• Executive compensation is a key political issue and increased transparency in its disclosures is an item of concern to Frank and an issue he is likely to push. He will likely resurrect his Truth-in-Pay Bill and work to increase shareholder say in setting corporate executive pay, and to perhaps limit in some way deferred compensation.
  • The Subcommittee on Capital Markets, Insurance and Government Sponsored Enterprises likely will be very active under its new chairman, Rep. Paul Kanjorski of Pennsylvania. In addition to GSE reform, the Subcommittee will be active in looking at reforming the regulation of the insurance industry through an optional federal charter that would lead to a dual insurance system.
  • Rep. Carolyn Maloney of New York is the new Chair of the Subcommittee on Financial Institutions and Consumer Credit and she has indicated that areas of high interest to her are also data security and identity theft, for which she supports a federal standard. She also wants to get to the right result in a balanced manner that doesn’t too strongly impact the way banks do business to the detriment of their customers. Along with Frank, she has an interest in reducing regulatory burden, such as lowering the volume of CTR filings, by exempting banks’ seasoned customers from making such filings.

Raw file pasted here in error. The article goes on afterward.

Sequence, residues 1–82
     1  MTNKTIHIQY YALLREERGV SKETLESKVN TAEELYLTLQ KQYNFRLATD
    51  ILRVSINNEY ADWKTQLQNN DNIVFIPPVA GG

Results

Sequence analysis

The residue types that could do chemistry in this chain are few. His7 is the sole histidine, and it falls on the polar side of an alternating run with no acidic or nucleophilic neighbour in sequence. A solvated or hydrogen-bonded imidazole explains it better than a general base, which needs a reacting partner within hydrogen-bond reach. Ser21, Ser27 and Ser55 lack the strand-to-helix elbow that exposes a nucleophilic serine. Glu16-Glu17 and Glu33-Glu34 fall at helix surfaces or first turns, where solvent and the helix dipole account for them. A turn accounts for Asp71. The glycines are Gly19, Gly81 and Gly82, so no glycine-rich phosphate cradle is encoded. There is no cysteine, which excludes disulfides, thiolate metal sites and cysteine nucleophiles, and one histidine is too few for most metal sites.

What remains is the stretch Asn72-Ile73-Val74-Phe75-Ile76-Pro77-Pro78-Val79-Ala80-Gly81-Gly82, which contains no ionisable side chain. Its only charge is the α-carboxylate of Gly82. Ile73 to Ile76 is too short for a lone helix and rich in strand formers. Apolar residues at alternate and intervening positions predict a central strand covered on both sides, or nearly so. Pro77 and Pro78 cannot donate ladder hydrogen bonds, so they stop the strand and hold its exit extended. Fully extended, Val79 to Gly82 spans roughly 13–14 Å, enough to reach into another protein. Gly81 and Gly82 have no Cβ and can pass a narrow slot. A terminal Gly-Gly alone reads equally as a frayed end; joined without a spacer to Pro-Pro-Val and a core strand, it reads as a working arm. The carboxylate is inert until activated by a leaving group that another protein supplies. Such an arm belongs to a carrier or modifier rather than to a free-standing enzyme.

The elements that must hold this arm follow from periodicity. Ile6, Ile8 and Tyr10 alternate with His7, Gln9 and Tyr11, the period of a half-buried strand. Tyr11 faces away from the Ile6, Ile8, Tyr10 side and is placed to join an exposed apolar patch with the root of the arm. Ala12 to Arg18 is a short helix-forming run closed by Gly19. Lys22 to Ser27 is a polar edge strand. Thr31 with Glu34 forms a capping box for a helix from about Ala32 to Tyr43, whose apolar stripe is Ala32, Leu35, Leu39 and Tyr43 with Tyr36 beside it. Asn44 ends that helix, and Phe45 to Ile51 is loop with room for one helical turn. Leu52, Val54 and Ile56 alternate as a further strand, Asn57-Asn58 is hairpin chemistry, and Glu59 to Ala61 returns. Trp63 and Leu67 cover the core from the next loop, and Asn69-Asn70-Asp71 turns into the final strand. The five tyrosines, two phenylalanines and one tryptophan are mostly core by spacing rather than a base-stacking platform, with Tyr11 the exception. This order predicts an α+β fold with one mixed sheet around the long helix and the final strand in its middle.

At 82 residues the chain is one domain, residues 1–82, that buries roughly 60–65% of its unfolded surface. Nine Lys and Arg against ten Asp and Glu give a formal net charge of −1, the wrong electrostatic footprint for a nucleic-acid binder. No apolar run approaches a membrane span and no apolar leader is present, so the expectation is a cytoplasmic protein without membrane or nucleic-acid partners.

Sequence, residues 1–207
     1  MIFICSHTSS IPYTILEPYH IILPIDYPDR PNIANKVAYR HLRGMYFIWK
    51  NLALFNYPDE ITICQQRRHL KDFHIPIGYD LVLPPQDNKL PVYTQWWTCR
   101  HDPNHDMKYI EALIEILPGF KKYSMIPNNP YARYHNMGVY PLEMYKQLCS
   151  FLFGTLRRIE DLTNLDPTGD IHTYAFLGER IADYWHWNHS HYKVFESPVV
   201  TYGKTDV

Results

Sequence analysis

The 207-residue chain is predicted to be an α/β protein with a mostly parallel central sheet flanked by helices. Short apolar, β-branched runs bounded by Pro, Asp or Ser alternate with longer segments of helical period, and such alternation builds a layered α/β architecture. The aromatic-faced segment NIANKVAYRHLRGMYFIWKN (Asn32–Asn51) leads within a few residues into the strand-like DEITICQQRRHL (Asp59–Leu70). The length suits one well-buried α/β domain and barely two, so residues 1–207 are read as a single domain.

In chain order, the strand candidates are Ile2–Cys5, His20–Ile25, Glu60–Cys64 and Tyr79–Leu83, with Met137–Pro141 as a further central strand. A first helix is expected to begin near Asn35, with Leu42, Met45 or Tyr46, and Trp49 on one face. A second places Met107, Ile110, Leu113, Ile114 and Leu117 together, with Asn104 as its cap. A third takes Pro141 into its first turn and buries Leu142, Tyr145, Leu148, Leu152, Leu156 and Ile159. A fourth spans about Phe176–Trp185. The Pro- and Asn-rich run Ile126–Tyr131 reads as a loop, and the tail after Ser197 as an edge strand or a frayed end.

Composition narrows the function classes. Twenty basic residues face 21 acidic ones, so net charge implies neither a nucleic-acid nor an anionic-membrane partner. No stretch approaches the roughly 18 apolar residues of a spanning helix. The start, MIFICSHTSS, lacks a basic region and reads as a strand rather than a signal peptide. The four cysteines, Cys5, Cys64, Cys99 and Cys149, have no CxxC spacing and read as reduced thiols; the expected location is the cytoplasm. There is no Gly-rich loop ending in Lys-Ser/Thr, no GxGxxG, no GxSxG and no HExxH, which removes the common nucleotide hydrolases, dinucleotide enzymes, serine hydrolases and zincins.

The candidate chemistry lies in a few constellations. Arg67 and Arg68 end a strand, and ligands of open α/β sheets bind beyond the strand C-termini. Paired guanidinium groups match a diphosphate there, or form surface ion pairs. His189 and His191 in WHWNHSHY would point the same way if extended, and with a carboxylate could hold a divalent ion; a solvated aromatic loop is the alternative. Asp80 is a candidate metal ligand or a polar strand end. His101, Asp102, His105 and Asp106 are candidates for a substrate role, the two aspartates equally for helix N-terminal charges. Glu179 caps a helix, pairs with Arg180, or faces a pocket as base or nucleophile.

The Bankruptcy Reform Act may be revisited, but that will likely be done by the respective Judiciary Committees, while Financial Services may become involved.

Under the Republicans, jurisdiction over the insurance and securities industries was shifted from the House Energy and Commerce Committee to the House Financial Services Committee in 1994. As a result of the enactment of the Gramm-Leach-Bliley Act and the breaking down of Glass-Steagall, it does not make sense to transfer jurisdiction over the insurance and securities industries back to Energy and Commerce.


On the Senate side, Sen. Christopher Dodd of Connecticut will chair the Senate Banking Committee. He has been a member of the Congress since 1974 and a member of the U.S. Senate since 1980. Senator Dodd has also announced he will run for President. Frank and Dodd have a good working relationship. Being from Connecticut, Dodd is protective of the insurance industry’s interests:

  • He is very interested in the credit card industry and has been looking at capping interchange fees, enhanced disclosures, and reining in interest rate hikes.
  • If the House passes a GSE reform bill with Frank’s support, Dodd will work for its enactment by the Senate.
  • Regarding ILCs, with the Republican loss of control, Republican Sen. Bennett of Utah will be in a weaker position to block ILC legislation that might restrict ILC affiliation with commercial firms.
  • The Committee may revisit the whole issue of payday lending and how the current interest rate cap may impact lending to military members and their families.
  • The committee will review the process for foreign investments in the United States (CFIUS).
  • Dodd has indicated he will push for a permanent solution to terrorism risk insurance (TRIA), which is set to expire at the end of 2007.